The Link Between Vitamin D & Kale

Actually, kale doesn't have any vitamin D! But they can both address many of the same concerns!
As our interest in health grows, I love that vitamins and minerals and health foods get publicity, because it exposes us to knowledge about foods and nutrients that may otherwise go unknown.

Not that long ago in the grand scheme of medicine, testing for vitamin D3 (make sure it's 25-OH) was not routinely performed until researchers and the medical community found that low levels of vitamin D linked to concerns such as:

  • Fatigue

  • Muscle cramps

  • General pain & weakness

  • High blood pressure

  • Weight gain

  • Joint pain

  • Poor concentration

  • Poor sleep

  • Headaches

  • Constipation or diarrhea

  • Depression

THIS WAS GREAT NEWS! Generally I see patients with multiple concerns, and sometimes those concerns may be diminished or actually disappear if levels are optimized! What does that mean?
Vitamin D levels are typically listed at a range between 30-100. But most likely you won't really feel different if your level is 29 or 31, except the latter number says you're 'normal' (and still not feeling good..). So I like to tighten the ranges and see levels around 50. Always good to test though, because too much vitamin D (e.g. over 100) can draw in calcium to bones that makes them brittle, and hardens arteries.    
And what about kale? 
Yes!! One of my favorite vegetables! Sauté it, bake it, drizzle it in olive oil, make kale chips, etc. I know I know, even if it doesn't have vitamin D. That's totally ok, because it is so chockfull of other wonderful nutrients that help reduce the risk of heart disease, cancer, eye problems (as we live in a world of technology), and can help with weight loss. It's actually extremely nutrient dense and one of the best 'bang for your buck' when it comes to eating vegetables. However, I recommend at least cooking kale in some way(even for a few minutes) because like other dark leafy greens (e.g. spinach, collard greens) and cruciferous vegetables (e.g. broccoli, cauliflower, brussels sprouts), it does have compounds that can inhibit thyroid function (usually after many many cups and over a period of time) such as in a documented case. So if you're looking for a healthy snack, it's ok to choose some broccoli to snack on versus other not-so-healthy options.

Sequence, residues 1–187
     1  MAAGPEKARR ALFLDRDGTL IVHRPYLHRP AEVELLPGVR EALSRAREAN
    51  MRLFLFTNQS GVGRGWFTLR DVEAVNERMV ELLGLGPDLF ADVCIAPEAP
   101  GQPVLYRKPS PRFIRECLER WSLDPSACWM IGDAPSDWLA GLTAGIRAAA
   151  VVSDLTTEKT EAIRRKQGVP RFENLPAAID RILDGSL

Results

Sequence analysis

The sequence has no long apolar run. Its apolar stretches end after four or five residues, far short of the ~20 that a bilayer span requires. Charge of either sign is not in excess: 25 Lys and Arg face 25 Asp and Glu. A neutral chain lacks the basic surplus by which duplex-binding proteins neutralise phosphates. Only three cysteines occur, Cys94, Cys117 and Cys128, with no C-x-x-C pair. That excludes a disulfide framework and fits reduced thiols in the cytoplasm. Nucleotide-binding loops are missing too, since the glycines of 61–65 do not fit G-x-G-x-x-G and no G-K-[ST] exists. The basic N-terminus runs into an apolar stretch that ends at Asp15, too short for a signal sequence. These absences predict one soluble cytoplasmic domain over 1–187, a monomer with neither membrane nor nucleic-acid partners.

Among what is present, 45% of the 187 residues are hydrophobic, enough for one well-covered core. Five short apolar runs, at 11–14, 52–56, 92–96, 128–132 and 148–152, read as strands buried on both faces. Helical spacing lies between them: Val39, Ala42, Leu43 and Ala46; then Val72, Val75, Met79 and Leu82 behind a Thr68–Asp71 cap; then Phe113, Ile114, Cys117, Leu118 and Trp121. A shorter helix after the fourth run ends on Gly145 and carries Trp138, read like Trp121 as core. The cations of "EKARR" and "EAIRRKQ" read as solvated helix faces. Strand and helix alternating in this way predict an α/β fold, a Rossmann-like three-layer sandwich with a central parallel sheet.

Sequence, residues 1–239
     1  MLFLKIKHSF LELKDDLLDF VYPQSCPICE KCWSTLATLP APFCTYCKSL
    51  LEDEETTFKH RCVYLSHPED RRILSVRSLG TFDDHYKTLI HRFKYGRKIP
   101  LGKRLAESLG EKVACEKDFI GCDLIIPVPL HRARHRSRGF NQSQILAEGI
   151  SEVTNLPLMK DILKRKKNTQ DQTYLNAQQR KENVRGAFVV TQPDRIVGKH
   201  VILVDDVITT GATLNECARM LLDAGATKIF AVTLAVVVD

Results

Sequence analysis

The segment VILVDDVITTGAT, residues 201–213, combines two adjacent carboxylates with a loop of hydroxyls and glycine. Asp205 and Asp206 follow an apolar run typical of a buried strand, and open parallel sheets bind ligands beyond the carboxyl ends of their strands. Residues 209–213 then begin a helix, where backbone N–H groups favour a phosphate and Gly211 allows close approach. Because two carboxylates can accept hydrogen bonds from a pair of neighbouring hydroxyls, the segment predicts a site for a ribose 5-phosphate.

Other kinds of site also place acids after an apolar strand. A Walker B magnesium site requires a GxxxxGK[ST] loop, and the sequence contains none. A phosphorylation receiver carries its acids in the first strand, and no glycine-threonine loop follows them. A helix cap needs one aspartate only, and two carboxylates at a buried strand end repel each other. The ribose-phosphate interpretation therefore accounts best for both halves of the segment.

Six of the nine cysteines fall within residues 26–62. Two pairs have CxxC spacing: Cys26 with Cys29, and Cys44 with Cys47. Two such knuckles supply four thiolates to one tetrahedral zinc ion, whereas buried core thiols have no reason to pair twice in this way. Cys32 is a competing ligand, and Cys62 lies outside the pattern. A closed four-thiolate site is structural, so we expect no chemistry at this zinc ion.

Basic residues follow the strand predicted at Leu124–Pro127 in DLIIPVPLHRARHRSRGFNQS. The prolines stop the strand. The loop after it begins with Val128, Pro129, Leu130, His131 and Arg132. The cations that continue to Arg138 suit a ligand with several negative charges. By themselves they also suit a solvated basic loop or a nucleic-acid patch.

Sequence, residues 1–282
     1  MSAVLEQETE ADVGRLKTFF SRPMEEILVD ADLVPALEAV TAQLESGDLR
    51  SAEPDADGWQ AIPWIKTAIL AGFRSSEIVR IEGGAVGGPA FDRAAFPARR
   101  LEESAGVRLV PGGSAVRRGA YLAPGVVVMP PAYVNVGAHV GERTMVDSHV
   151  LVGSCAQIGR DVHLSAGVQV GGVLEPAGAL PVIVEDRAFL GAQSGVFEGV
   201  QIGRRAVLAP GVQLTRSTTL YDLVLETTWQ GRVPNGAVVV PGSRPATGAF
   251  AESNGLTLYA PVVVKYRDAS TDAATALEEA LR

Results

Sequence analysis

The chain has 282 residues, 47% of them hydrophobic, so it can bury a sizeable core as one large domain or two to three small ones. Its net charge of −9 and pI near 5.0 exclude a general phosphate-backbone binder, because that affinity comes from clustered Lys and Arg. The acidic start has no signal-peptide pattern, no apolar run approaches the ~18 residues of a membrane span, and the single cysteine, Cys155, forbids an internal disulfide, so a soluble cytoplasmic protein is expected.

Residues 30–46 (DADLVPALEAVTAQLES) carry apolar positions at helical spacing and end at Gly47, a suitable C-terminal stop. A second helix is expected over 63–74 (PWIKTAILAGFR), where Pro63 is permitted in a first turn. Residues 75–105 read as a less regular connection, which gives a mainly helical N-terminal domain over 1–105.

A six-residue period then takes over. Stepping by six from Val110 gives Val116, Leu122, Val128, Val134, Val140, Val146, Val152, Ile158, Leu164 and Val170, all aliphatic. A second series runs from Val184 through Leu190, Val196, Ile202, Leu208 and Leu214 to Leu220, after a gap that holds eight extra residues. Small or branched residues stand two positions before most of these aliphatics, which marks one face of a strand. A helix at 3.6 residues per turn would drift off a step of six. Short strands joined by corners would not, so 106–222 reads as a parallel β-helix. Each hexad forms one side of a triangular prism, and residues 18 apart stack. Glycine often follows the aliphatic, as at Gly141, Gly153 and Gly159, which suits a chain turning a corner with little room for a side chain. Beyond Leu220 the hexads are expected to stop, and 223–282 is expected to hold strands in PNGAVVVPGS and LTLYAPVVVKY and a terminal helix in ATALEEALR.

Focus on variety, and healthful choices
If you want to find out about more superfoods, and how to tailor your bloodwork to really maximize your efforts when it comes to losing weight & overall just optimizing your health, then let’s check out what YOUR ideal plan would look like!